By: Christa Meland
On Sunday, just eight months after launching worship, Northwest Minneapolis United Methodist Ministry baptized 18 new Christians in Long Lake. The Hmong ministry is one of the Minnesota Conference’s newest church starts and is supported by the conference-wide Reach · Renew · Rejoice campaign.
After worshiping at a park near the lake and enjoying a potluck picnic, 13 adults, one youth, and four children took their baptismal vows and claimed a new identity in Christ. (View photos of baptism.)
As each person approached the water, onlookers sang the chorus of the song, “Down to the River to Pray,” and they applauded as each new follower returned to the shore.
“This was brand new people hearing the gospel for the very first time and coming to Christ together,” said Rev. Dan Johnson, Twin Cities District superintendent. He and the ministry’s leader, Toubee Yang, performed the baptisms together.
In all his years of ministry, Johnson said he’d never baptized 18 people in a single day.
“It was like living Acts 2—with teaching, breaking of bread, fellowship, and prayers,” he said. “It was a combination of reverence and seeking the outpouring of the Holy Spirit with joy.”
New life in Christ
Lincoln Sy Lee is one of the 18 who was baptized on Sunday. Unlike most of the others baptized with him, he had been part of a Christian church earlier in his life. But when his dad died, he became disconnected from his faith and said he lost his way.
It wasn’t until he was married in July when he was reintroduced to Christianity—and embraced it. He and his now-wife Pashia had been looking for a church for their wedding, and they learned about the Northwest Minneapolis Hmong Ministry from Lee’s brother-in-law, who helped launch it.
Yang officiated at their wedding and invited them to come to church again, and they did.
“Being a Christian makes me feel a lot better at handling situations,” said Lee, who is 25. “Life is a little bit easier after you can talk to God about situations you can’t solve yourself and pray for what’s going to happen the next day.”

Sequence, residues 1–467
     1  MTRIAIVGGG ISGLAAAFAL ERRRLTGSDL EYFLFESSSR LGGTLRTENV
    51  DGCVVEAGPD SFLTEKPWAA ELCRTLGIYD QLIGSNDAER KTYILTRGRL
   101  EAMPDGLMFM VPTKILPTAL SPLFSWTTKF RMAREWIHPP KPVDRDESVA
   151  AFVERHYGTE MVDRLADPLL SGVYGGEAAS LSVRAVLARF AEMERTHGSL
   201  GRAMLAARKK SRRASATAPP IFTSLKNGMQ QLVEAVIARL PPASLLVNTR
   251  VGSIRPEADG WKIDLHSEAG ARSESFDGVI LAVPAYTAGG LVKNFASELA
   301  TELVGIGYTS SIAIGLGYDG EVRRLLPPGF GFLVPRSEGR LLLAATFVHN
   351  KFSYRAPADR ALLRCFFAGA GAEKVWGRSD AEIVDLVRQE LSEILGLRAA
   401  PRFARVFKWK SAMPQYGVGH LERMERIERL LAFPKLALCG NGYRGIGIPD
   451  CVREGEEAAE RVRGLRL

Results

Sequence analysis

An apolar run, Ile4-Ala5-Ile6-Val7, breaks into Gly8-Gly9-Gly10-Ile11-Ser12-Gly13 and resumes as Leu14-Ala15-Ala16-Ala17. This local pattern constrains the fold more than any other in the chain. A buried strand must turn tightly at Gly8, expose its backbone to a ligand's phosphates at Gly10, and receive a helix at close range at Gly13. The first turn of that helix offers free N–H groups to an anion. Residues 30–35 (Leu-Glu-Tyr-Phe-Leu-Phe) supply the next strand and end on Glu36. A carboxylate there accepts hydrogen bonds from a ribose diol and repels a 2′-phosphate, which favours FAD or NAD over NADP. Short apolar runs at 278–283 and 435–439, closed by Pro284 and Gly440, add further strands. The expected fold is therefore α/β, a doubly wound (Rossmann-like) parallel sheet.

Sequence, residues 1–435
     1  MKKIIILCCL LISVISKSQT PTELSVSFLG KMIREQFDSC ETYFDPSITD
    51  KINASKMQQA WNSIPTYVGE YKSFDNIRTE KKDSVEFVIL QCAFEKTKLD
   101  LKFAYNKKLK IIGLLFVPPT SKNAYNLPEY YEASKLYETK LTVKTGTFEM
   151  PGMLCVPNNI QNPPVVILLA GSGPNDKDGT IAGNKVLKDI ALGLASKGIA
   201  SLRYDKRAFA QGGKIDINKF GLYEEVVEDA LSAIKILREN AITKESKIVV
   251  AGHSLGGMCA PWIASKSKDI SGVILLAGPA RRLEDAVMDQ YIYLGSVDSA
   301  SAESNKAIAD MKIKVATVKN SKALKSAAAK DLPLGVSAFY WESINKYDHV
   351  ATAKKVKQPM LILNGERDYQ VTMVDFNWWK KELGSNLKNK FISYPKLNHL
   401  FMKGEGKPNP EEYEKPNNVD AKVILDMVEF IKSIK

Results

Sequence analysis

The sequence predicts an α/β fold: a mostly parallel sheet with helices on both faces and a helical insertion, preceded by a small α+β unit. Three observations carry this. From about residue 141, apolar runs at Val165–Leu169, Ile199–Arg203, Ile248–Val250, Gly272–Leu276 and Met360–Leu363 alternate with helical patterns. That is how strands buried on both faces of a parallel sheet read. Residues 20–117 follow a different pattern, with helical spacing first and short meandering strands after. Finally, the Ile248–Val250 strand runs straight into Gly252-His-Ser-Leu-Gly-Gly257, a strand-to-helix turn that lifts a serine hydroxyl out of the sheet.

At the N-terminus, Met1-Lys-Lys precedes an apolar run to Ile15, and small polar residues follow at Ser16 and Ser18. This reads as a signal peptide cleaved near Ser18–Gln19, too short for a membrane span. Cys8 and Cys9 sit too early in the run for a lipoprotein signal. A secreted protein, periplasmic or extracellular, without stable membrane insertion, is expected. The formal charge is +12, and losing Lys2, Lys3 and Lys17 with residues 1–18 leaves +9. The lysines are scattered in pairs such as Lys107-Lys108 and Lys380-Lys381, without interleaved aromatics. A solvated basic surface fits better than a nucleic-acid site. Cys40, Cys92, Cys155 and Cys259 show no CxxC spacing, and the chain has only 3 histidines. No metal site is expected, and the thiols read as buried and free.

Lee and his wife both grew up in the United States, but their parents are from Laos—where Shamanism, ancestor worship, and the Christian and Missionary Alliance denomination are prominent. Lee’s wife had never been exposed to Christianity before their wedding, but she liked what she learned, and she knew it was important to her new husband.
“I feel like being baptized…it allows me to start over again, start a brand new life,” said Lee. “As our marriage gets started, it’s important that we both get baptized and start a fresh life together.”
Building the ministry
Lee’s wedding afforded many of his family and friends their first opportunity to learn about Christianity. Some have since asked him questions, and he hopes they may eventually join the Hmong ministry. It now has more than 30 in average worship attendance, and it continues to grow thanks to members’ commitment to reaching new people.
In fact, on Sunday, every adult who made baptismal vows also accepted a challenge to bring one more person to Christ before the lake freezes over.
Meanwhile, Yang has also been intentional about building relationships and inviting people in the Hmong community to worship with the ministry—which meets at Olivet United Methodist Church in Robbinsdale. Two days after the baptism, Yang was standing outside of a market where many Hmong families do their grocery shopping, greeting passersby and giving them a flyer and business card with information about the ministry.
“We share the good news, and one day they will come,” said Yang.
Reaching more people
The Northwest Minneapolis ministry aligns with the goals of the National Hmong Caucus of the United Methodist Church, which aims to start 12 new Hmong churches in the U.S. by 2020. Although there are more than 400,000 Hmong residents, there are now just 12 United Methodist churches throughout the country.
Rev. Tsuchue Vang who serves Wheelock United Methodist Church in St. Paul and is an active member of the caucus, is one of the people working to increase that number. He founded the Northwest Minneapolis ministry and mentored Yang to prepare him to lead it.
In 2018, Vang plans to start another Hmong faith community on the east side of the Twin Cities, another area with a large Hmong population.
In the meantime, Yang will continue to work to grow the ministry he leads—and to bring more Hmong people to Christ.
“All the persons who were baptized on Sunday are very happy—they have so much joy,” said Yang. “I told them that baptizing helps them become brothers and sisters in Christ, and God’s children. They are receiving a new life.”
Christa Meland is director of communications for the Minnesota Annual Conference of the United Methodist Church.
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